Ikea Says We’ve Now Hit ‘Peak Curtains’

IKEAThere is a limit to how many home furnishings people can buy. That’s something Ikea, the Swedish furniture giant, knows all too well. It has even come up with a name for it, peak curtains, reports, the Guardian.

Speaking at a Guardian conference, Ikea’s head of sustainability, Steve Howard said: “If we look on a global basis, in the West we have probably hit peak stuff. We talk about peak oil. I’d say we’ve hit peak red meat, peak sugar, peak stuff … peak home furnishings.” He said it could be called “peak curtains.”

The company “will be increasingly building a circular Ikea where you can repair and recycle products,” Howard said. He added, “If you look on a global basis, most people are still poor and most people actually haven’t got to sufficiency yet. There is a global growth opportunity … but it’s a distribution issue.”

Ikea promotes the reuse of its products

Ikea is big on promoting the reuse of its products. On its U.K. website it suggests ways to reuse old Ikea catalogs, such as making a garland, a DIY coaster, hanging art and a paper lantern.

In 2013, Ikea launched a marketing campaign with Norwegian agency SMFB to encourage the resale of its used and unwanted furniture. The campaign began by asking customers if they would like help re-selling their unwanted furniture. After receiving a big response, Ikea then launched its Second Hand Campaign, an online marketplace where Norwegian customers could sell and buy used Ikea furniture. “Even if we like people to buy our furniture, we don’t like to see old furniture go to waste,” the ad for the campaign proclaimed.

Tucked within Ikea’s 2015 sustainability report is a little section titled, “Converting to a Circular Economy.” The company is part of the Circular Economy 100 (CE100), which was established by the Ellen MacArthur Foundation to encourage companies to progress toward a circular economy. But what is a circular economy? Ikea defines it as an economy “where waste is eradicated in a cycle of repair, reuse, refurbishment and recycling.”

The company created the Circular Ikea concept, consisting of three elements: prolonged product life, designing for circularity, and resource chain. The concept is in the “early stages,” but there are already examples of it within the company’s operations. One example is that its customers can return their unwanted Ikea furniture to participating stores, where it is resold or donated to charity. Another example is that customers can return used mattresses through the company’s mattress take-back initiative, which it launched in 20 countries at the end of 2015. The returned mattresses are sent for either energy recovery or their materials are recycled.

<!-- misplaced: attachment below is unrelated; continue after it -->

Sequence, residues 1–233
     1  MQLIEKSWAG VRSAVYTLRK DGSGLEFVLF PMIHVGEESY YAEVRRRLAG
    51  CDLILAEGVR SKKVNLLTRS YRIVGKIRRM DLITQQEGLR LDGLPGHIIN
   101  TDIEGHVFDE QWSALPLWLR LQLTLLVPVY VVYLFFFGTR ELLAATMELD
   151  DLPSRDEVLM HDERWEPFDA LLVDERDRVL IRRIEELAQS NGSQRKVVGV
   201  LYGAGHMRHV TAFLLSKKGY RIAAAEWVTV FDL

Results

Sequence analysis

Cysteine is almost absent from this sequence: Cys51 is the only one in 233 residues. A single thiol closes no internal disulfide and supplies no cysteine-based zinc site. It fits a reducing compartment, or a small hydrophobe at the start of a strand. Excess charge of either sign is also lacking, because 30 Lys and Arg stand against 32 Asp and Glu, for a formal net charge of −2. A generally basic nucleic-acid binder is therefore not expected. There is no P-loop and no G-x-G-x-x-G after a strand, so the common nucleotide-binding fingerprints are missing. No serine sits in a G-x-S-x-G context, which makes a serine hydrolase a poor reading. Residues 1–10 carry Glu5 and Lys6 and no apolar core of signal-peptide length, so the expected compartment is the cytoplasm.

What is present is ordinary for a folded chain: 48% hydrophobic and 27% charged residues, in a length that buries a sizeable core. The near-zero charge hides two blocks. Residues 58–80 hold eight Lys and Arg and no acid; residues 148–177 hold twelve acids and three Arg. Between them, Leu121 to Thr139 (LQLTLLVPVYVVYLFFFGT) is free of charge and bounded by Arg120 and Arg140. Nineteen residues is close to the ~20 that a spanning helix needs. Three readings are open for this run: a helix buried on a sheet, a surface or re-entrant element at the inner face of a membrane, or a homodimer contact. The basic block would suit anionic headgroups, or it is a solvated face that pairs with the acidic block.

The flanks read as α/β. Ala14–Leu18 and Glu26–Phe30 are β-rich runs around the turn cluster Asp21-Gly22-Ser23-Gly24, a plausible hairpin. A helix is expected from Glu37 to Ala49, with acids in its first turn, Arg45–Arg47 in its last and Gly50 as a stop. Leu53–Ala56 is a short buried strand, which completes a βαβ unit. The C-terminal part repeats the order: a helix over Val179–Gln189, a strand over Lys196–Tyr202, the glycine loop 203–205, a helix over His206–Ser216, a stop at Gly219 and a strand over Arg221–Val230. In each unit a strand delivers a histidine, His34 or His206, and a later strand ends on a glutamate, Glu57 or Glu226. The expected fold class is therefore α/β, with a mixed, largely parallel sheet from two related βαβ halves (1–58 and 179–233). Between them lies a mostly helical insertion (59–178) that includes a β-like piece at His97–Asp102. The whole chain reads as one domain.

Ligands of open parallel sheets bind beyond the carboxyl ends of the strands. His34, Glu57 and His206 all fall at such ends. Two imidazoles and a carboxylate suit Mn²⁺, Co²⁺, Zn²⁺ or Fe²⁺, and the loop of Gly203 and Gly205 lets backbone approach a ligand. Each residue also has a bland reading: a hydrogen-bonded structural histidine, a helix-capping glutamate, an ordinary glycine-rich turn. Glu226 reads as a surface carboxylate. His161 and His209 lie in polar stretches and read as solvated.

Unwanted furniture can contribute to landfill waste

Furniture that is discarded and ends up in landfills is a big problem. In the U.K. alone the Furniture Re-use Network estimates that 10 million household items are sent to landfills every year, and 3 million of those items could be “reused by people in crisis.” The problem in the U.S. is bigger. In 2013, Americans generated about 254 million tons of trash and only recycled and composted about 87 million tons of it, which is equivalent to a 34.3 percent recycling rate, according to the U.S. Environmental Protection Agency (EPA).

How much of that garbage is old furnishings? In 2009, the EPA reported that furniture waste made up 9.8 million tons, or 4.1 percent, of all household waste. And unfortunately, furniture is the item that Americans recycle least.

Image credit: Hakan Dahlstrom

Gina-Marie Cheeseman

Gina-Marie is a freelance writer and journalist armed with a degree in journalism, and a passion for social justice, including the environment and sustainability. She writes for various websites, and has made the 75+ Environmentalists to Follow list by Mashable.com.

One response

  1. Ikea’s been around long enough that you should be seeing it at flea markets, thrift stores and the like, but that’s rare. Ikea’s cardboard and pressed wood furniture cores are either too light or too heavy to hold up to any kind of movement after their complex assembly. They’re like sponges in their environments so temperature and humidity changes, tough on regular furniture, speed Ikea’s products to an early grave. Though they’ll never admit it, the finishes, mastics and other chemicals they use in their materials and assembly are probably more toxic than most and if you need proof, try to find a healthy looking employee during your next meatball run. Add to that an unwillingness to let educated outsiders inform their inefficient inner workings (a top down anti-digital platform underlies the entire organization) and you end up with one of the largest producers of unsustainable products on the planet.

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